Committee meetings. While administratively they don’t have a vote, they certainly have voice, and have made valuable contributions to our Program discussions of curriculum, the role of the McBride Program on the CSM campus, and student involvement. This McBride student commitment is exemplified by Hilary Brown’s editorial. Her summary of concerns took much thought and effort. While there are some inaccuracies in her editorial there are many valuable points, as well. What is important to note about Ms. Brown’s editorial is that she wrote it in the best of the McBride tradition. She is voicing her concerns through one of the most important institutions of any free democratic society: an uncensored media. She has raised issues that are indeed of concern to all stakeholders in the McBride Honors Program. In writing the editorial, Ms. Brown has exemplified for her peers one of the primary outcomes that we hope to see in our McBride Honors Program students: the willingness and courage to “project and test the moral and social implications of their …professional judgments and activities” (as stated in the CSM undergraduate bulletin description of the McBride Honors Program). In speaking her mind, Ms. Brown has done just this. In that regard, I do hope that after leaving our meeting at the McBride House, Jane and Ms. Doe found that week’s copy of the Oredigger and were able to see the McBride Program “in action” through the contributions of one McBride student to the arena of public debate on the CSM campus.

In the editorial entitled “Improving McBride: A Great Program With Room to Improve” that ran in the February 21 issue of The Oredigger, there were two factual errors. First, the statement that regarded the 28 McBride “moderators” was actually talking about the 28 members of the McBride Tutorial Committee ( mcb_honors/committee.html). Second, Dr. McBride was regarded as the “founder” of the

McBride Honors Program and this is not true. Dr. McBride was the President of the Colorado School of Mines during the program’s founding. Dr. Tom Philipose worked with multiple faculty members across many departments to create the program. Dr. McBride had always been a strong supporter of the program and it was renamed in his honor in the mid-1980s. The Oredigger apologizes for these errors.

A Note from the Editorials Board
The article regarding Bob Francisco that printed in the February 21 issue of The Oredigger discussed multiple, and factual, aspects of Bob’s tenure at Mines. We have worked with Bob on multiple occasions and always found him to be courteous and helpful; we can assure you that our actions in no way represented an attempt to “get back at” him. It has been the goal of The Oredigger for the past 87 years to abide by the highest journalistic standards in all situations. In this situation, we chose to print only the information that we had multiple, confirmed sources for, though we easily could have added the entourage of additional stories we uncovered. Furthermore, we felt it would be immoral to intentionally withold information from the student body.

Letters to the Editor?
E-Mail “” or go to and click on “Letters to the Editor.”

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CSM Baseball Off to Rocky Start in RMAC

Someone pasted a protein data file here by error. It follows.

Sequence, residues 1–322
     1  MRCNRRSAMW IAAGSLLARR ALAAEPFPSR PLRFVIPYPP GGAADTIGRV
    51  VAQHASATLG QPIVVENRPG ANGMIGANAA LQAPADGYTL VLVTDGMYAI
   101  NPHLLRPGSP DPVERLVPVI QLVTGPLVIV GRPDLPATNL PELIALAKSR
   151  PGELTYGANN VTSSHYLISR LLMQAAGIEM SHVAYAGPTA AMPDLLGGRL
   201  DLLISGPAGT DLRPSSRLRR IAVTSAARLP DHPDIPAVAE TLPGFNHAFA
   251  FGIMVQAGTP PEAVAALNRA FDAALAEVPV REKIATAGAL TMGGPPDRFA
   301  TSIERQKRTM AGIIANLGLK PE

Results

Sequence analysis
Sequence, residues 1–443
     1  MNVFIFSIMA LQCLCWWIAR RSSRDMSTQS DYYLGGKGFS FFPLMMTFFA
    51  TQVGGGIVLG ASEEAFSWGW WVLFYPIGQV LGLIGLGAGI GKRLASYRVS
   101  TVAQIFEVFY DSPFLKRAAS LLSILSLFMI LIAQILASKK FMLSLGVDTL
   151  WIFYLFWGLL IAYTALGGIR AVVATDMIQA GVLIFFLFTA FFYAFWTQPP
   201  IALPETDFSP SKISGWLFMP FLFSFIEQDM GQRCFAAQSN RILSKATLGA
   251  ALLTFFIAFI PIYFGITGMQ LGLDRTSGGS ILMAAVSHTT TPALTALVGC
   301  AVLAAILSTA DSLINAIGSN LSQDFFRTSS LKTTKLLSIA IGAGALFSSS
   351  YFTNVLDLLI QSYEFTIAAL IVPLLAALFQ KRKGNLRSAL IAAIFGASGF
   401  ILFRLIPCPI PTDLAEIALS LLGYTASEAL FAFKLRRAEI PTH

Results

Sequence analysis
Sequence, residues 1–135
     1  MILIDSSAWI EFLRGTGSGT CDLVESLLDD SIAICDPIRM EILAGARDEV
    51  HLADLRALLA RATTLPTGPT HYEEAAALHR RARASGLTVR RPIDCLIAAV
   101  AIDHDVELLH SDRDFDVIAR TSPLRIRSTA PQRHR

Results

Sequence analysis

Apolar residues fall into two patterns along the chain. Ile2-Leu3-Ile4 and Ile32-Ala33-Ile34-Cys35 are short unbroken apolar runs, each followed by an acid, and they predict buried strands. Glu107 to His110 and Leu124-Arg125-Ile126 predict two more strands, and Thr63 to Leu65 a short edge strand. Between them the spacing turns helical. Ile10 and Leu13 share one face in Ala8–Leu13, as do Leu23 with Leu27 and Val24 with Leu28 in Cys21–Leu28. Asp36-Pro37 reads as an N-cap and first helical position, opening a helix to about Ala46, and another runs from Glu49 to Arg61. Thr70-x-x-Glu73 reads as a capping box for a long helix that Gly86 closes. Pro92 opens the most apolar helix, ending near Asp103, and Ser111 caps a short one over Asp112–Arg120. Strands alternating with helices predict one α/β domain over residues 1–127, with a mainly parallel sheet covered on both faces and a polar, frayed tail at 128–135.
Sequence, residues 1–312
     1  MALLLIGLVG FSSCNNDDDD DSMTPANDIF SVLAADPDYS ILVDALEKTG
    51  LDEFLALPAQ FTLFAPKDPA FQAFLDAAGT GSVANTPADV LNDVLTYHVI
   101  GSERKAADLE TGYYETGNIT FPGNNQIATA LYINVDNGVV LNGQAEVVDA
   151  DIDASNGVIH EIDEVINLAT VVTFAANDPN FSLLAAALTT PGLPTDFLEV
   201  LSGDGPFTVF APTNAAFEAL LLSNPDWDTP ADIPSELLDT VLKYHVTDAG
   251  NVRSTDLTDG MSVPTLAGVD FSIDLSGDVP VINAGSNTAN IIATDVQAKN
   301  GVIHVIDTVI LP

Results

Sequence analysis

Orediggers End Three-Game Losing Streak; Improve to 4-7 Overall
the mound. CSM’s next series was another four-game series, but against Central Washington. This series was played in Pueblo from Feb. 16 – 18, and the Orediggers went 3-1 yet again. They opened the series with an 11-10 win, and then lost their last three 14-1, 3-2, and 16-14 respectively. The opener was won by the Orediggers in the 10th inning. The score going into the inning was 9-9, and Central Washington’s Michael Johnson brought in what could have been the game-winning run before CSM went up to bat. The Orediggers came back to win off of a throwing error and a sacrifice bunt by Naccarato. Revielle, playing left field for the game, led CSM with three RBIs. Catcher Anthony Siderius (Castle Rock) and Gremmer each had one RBI for the day. Marshall Schuler (Anaheim, CA) earned the win with one hit allowed during his one inning of play. The next game proved to be difficult for CSM. CWU had 12 RBIs in the first part of their double-header vs. Mines, whereas the Orediggers were only able to score off of an RBI provided by Walker. Later the same day, CSM lost 3-2. They went into the seventh propelled by RBIs from Deal and Naccarato and with the score tied 2-2, but CWU’s Tyler Farrington posted a two-out single RBI to bring in the game winning run. The fourth game of the series looked like it was going to end in much the same way as the second game of the series until the eighth inning. CWU led the game 15-6, but the Orediggers rallied to score four runs in both the eighth and ninth innings. Despite the rally, the Orediggers weren’t able to overcome the ninerun deficit in time. CSM was led by Revielle with three RBIs. Rudkin, Naccarato and Walker all posted two RBIs apiece, and Deal, Gremmer and Hensley all had an RBI. Conference play proved to be more profitable for the Orediggers. In their RMAC opening series on Mar. 3-4 against Regis, the Orediggers went 2-1 with the scores being 6-4, 17-5, and 10-3, respectively. Pitcher Cris Rogers earned his first career win for his performance in the opening game. He had five strikeouts and allowed four runs (one earned) and six hits during eight innings. The hitting was led by Rudkin, Walker, Deal, Gremmer and Owens, all of whom had one RBI. Walker had the game-winning run after Rudkin drew a two-out walk in the ninth to set it up. The second win of the series allowed the Orediggers to split the double header. Rudkin and Hensley had three RBIs apiece in the 10-3 win. Revielle put up two RBIs, and both Walker and Deal added one RBI each. Schuler earned the win to bring him to 3-0 on the season. He had four strikeouts and allowed three runs (one